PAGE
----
United Airlines bars two girls from boarding for wearing leggings
The airlines said the girls were prevented from boarding because they were "pass riders", those who fly free or at heavily reduced rates because they are airline employees or their relatives. (Picture credit: Wikipedia Commons)
WION Washington, DC, United States
Mar 27, 2017, 02.17 AM
United Airlines found itself at the centre of a social media storm after it barred two teenaged girls from boarding a flight in Denver on Sunday because they were wearing leggings.
Another girl, a 10-year-old, who was also wearing leggings was allowed to board the flight from Denver International Airport to Minneapolis after she changed, a witness said.
The incident was reported on Twitter by Shannon Watts -- founder of gun reform group Moms Demand Action -- who was a passenger at the airport waiting to board another flight to Mexico.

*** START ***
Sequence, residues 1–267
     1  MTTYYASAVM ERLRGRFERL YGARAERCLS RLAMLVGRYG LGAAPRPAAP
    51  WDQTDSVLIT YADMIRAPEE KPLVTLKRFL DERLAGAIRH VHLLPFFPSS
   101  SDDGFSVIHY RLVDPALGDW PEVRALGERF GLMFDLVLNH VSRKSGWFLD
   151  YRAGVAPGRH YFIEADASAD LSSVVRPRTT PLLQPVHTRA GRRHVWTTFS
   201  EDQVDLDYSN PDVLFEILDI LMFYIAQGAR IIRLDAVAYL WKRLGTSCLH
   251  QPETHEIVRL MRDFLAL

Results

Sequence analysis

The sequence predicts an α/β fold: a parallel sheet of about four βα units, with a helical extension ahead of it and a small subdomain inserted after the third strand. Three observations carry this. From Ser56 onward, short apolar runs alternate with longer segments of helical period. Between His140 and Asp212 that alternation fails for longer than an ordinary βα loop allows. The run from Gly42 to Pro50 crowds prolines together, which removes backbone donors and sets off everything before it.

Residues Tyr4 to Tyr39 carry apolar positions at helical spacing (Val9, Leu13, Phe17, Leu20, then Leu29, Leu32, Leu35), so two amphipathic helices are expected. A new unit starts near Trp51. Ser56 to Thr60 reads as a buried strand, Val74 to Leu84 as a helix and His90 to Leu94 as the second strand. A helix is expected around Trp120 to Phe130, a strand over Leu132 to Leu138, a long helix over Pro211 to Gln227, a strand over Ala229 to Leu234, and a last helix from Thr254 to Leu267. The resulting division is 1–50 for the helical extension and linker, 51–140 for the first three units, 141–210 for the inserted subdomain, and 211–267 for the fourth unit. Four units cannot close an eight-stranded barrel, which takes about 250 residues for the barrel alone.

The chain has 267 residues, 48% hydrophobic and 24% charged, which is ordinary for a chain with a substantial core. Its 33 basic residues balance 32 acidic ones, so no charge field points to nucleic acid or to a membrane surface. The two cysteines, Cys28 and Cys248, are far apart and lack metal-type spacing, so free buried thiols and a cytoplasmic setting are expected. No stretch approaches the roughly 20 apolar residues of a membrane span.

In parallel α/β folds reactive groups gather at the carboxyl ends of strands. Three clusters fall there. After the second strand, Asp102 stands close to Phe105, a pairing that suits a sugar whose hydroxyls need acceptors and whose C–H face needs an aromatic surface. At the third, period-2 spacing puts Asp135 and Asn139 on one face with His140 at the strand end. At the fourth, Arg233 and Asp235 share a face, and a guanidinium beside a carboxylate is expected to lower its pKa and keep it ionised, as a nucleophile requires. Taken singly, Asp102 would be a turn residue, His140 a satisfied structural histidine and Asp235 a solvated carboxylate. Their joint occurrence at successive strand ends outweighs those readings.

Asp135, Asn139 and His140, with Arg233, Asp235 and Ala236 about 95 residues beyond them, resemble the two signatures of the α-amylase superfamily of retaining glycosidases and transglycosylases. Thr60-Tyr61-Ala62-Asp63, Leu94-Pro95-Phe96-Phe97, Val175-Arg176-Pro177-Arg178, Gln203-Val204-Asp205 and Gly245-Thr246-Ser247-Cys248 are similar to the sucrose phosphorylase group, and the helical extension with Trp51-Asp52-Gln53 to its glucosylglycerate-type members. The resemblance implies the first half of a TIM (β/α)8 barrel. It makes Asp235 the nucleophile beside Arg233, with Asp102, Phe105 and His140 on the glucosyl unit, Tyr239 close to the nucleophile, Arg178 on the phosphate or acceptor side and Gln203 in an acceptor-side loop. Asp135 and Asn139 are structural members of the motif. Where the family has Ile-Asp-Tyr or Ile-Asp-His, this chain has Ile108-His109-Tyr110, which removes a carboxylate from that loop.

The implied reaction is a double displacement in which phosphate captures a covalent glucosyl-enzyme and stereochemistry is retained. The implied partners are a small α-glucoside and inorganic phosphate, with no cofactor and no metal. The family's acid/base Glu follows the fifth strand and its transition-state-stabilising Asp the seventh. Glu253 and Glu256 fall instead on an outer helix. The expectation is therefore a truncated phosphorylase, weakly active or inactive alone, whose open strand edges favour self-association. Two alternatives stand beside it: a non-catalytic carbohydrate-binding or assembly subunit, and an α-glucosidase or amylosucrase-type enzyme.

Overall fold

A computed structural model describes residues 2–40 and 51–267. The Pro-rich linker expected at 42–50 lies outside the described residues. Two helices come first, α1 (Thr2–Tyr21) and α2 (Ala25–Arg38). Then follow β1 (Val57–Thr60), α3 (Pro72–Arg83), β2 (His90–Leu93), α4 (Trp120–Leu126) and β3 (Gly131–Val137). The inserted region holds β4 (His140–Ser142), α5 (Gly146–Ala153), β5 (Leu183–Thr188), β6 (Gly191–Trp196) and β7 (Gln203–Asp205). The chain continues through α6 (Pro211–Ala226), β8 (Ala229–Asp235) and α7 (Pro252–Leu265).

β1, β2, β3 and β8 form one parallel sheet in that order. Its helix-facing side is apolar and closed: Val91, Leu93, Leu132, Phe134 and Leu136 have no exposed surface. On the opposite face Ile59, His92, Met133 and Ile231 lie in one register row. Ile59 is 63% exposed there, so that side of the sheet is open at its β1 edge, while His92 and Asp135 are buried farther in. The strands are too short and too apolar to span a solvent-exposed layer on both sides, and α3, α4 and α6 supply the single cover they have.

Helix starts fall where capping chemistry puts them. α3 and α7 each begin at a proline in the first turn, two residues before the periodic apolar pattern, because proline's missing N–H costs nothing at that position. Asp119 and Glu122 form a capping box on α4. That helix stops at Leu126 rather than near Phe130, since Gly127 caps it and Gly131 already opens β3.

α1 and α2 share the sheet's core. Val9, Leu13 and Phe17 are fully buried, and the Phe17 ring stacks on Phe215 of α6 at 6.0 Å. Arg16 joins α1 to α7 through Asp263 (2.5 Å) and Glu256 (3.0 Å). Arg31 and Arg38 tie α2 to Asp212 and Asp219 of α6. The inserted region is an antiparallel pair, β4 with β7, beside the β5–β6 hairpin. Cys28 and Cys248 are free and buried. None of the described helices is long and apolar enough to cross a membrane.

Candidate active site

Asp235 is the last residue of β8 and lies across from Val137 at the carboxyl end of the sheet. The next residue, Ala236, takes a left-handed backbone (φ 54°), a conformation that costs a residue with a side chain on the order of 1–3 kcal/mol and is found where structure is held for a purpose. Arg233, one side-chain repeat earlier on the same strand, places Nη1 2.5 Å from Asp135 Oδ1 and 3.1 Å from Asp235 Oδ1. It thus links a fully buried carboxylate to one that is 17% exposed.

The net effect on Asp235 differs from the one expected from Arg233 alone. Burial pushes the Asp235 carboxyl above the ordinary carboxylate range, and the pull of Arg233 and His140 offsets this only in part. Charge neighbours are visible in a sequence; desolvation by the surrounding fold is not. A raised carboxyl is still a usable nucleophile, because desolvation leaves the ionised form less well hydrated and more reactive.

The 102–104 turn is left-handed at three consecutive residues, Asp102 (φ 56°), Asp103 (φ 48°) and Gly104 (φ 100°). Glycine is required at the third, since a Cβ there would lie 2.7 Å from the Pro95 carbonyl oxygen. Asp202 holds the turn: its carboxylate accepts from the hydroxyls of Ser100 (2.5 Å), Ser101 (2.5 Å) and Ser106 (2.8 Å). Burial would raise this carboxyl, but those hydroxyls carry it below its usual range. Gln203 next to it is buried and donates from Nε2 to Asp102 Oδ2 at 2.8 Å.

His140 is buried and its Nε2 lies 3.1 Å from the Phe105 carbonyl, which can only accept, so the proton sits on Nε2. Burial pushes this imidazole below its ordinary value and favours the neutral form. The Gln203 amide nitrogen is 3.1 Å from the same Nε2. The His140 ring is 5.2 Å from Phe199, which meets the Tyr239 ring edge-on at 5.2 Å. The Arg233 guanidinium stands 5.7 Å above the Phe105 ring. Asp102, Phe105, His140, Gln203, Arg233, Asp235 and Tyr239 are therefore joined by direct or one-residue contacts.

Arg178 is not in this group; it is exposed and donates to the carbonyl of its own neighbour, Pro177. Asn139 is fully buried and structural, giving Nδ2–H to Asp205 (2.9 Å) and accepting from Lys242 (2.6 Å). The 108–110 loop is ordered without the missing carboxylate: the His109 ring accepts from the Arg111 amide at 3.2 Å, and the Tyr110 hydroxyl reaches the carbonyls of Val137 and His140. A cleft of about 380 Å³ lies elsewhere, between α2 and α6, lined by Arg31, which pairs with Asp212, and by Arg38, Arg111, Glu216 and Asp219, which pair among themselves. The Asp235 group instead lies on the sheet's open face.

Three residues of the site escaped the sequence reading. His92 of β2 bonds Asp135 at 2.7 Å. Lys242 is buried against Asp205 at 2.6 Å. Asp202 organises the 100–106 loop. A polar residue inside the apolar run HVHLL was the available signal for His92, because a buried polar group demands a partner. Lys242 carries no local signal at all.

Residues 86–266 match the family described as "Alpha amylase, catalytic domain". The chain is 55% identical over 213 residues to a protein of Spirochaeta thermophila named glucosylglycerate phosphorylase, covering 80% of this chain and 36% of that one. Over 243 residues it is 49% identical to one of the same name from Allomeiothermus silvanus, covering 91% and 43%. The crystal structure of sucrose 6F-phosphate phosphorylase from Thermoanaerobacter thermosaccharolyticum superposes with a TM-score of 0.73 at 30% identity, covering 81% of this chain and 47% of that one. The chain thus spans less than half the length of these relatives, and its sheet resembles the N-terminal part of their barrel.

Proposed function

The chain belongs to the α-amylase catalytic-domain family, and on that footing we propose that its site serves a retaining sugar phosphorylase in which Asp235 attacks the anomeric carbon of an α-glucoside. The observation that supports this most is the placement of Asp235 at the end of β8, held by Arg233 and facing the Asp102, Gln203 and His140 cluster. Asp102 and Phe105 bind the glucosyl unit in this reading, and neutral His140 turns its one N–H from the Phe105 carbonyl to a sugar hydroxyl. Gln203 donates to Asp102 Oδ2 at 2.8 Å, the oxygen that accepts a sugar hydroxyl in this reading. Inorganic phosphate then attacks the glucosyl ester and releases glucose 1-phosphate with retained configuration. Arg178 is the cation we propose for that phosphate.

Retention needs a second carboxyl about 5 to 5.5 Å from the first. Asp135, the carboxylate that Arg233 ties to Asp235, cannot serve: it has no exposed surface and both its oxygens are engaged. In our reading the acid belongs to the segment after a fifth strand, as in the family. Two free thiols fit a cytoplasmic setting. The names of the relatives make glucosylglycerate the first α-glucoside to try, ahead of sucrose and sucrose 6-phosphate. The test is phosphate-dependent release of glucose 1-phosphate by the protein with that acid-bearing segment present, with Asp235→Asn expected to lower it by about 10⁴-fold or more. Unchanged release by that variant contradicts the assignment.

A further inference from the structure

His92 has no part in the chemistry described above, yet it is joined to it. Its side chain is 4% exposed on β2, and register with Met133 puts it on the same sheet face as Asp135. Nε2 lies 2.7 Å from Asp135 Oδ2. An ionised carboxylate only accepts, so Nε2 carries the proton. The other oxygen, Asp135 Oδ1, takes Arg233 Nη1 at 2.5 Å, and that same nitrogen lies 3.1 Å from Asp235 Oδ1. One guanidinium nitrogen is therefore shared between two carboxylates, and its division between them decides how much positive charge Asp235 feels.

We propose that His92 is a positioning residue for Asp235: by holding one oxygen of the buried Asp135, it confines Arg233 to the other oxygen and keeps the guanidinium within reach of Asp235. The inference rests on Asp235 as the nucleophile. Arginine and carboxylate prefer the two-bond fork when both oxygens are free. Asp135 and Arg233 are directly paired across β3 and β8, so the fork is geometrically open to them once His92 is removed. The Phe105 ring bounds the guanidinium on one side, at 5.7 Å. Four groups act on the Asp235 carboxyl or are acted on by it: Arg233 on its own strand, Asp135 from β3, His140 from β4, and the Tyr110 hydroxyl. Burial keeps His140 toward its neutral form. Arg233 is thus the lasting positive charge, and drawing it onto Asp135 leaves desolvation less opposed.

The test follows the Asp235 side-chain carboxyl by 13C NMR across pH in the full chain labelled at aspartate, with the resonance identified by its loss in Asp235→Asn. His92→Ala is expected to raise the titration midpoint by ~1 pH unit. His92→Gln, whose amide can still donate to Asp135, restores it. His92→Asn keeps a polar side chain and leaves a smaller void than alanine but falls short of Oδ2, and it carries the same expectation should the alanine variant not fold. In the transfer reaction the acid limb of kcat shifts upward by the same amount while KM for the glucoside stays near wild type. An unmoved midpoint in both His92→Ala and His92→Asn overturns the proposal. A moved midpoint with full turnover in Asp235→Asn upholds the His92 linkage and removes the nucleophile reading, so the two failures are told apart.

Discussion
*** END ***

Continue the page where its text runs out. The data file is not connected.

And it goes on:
"She's forcing them to change or put dresses on over leggings or they can't board," she said. "Since when does @united police women's clothing?"
"A 10-year-old girl in gray leggings," added of one of the girls. "She looked normal and appropriate."
The New York Times has picked up the story, and reports that the child in leggings was not allowed to board until she put on a dress, which luckily her mother had in her carry-on bag. A gate agent said the pants were not "appropriate attire".
They quote Ms Watts as saying that the father had shorts that came two to three inches above his knees, and that was permitted without issue.
1) A @united gate agent isn't letting girls in leggings get on flight from Denver to Minneapolis because spandex is not allowed?
The company never explained why "pass riders" have such a rule.
The notion that young girls cannot wear leggings because their airfare is reduced for being an employee's relative didn't stop a tsunami of ridicule against the airline on social media for what critics called sexist and intrusive actions.